Pakistan is being swept toward violent chaos by a growing wave of Islamist extremism, newspapers said yesterday, one day after Taliban militants killed the country’s only Christian government minister.
The assassination of minister for minorities Shahbaz Bhatti in broad daylight in Islamabad threatens to further destabilize a nation where secular-minded politicians are imperiled by a rising strain of violent religious conservatism in the society.
“Mr Bhatti’s brutal assassination has once again highlighted the fact that we are fast turning into a violent society,” the liberal Daily Times said in its editorial. “This is not the time to be frightened into silence. It is time to implement the law and not surrender in front of extremists.”
Bhatti is the second senior official to be assassinated this year for challenging the country’s controversial blasphemy law, which sanctions the death penalty for insulting Islam or its Prophet Mohammed.
Punjab provincial governor Salman Taseer was shot dead by his own bodyguard in January for calling for curbing abuses in the law.
“Terrorists silence another voice of interfaith harmony,” the daily Dawn ran a banner headline on its front page.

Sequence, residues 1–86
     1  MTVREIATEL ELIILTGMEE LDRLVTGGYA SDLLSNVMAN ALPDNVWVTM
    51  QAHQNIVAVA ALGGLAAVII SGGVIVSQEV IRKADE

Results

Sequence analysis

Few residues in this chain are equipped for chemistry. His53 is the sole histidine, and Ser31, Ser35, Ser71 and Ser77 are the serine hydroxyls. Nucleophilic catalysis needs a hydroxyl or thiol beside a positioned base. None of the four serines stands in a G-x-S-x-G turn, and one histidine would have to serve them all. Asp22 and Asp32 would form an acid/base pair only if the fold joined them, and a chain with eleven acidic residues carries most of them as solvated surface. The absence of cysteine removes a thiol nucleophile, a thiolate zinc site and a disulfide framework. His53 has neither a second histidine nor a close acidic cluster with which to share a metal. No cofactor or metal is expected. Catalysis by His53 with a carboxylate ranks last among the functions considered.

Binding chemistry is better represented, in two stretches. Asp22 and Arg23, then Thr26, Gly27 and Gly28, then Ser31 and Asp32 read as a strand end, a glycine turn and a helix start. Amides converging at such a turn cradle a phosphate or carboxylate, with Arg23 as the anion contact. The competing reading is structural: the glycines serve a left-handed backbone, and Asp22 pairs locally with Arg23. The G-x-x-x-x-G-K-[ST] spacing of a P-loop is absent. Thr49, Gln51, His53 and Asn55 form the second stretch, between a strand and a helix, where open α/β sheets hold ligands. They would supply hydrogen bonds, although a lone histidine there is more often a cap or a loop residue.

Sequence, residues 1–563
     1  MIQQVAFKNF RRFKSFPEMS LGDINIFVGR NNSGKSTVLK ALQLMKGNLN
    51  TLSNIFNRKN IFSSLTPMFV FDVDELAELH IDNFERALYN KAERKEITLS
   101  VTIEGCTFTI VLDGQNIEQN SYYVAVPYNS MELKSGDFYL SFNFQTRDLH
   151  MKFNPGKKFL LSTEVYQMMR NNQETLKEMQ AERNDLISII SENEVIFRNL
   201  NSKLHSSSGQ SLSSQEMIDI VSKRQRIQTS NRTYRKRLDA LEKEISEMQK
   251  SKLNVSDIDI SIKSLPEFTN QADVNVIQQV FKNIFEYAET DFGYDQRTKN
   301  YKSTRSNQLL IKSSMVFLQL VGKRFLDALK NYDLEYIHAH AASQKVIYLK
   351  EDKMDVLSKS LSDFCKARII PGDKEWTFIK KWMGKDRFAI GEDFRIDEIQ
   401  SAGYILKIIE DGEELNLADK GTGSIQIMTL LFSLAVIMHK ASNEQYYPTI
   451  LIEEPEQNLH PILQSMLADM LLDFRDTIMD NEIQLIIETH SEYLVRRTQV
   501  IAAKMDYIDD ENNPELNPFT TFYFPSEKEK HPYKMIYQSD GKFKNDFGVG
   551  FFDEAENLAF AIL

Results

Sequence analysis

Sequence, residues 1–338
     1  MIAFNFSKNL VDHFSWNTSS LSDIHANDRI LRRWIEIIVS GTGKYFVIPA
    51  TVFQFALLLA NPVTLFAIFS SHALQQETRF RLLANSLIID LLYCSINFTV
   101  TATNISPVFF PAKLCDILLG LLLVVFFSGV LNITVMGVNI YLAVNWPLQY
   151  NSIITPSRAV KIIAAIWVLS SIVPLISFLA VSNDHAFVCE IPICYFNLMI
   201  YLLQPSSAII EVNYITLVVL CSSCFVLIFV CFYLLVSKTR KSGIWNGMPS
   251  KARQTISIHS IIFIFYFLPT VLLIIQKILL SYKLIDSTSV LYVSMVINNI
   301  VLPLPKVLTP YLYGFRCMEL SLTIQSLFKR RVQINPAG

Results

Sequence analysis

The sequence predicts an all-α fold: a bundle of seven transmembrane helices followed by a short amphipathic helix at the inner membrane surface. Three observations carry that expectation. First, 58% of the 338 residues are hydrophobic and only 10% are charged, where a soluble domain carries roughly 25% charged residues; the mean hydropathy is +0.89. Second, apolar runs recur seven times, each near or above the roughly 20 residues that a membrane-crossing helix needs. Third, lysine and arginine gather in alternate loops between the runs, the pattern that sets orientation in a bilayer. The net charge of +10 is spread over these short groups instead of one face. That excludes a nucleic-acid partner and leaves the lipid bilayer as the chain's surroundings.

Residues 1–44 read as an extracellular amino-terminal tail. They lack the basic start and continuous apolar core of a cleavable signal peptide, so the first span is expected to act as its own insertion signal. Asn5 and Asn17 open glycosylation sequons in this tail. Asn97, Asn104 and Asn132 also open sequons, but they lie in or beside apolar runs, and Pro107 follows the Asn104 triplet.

Pakistani President Asif Ali Zardari told a party meeting on Wednesday he would resist the slide towards extremism.
“We have to fight this mindset and defeat them. We will not be intimidated nor will we retreat the official APP news agency quoted him as saying.
Mehbood Ahmed, a senior police official, said about 20 people had been detained for questioning, but police did not yet know who was responsible.
“But we are confident we will get hold of culprits,” he said.
The government has repeatedly said it would not change the blasphemy law, and officials have distanced themselves from anyone calling for amendments for fear of a backlash from extremists, a move that dismayed moderates and liberals.
“Of course the silent majority, which keeps silent over these things, also must bear responsibility,” I.A. Rehman, director of the Human Rights Commission of Pakistan, told the Express 24/7 television channel on Wednesday night. “There’s blood on their hands also.”
Meanwhile, a highway ambush and a car bomb attack targeting security forces in the northwest killed 13 people yesterday, officials said, in a sign of Islamist militants’ resilience despite army operations against them.
The bombing hit the Hangu area, just outside the tribal regions along the Afghan border, senior police official Rasheed Khan said.
A bomb hidden in a vehicle in a residential area where a small police station was located went off as a police vehicle carrying officers drove by, Khan said. Three police and four civilians died.
The blast also wounded 30 people and damaged around a dozen houses, he said.
Gunmen in the nearby Khyber tribal region ambushed another group of police, shooting and killing six, local government official Farooq Khan said.
The police had been driving to a security checkpoint in the area when they were attacked.
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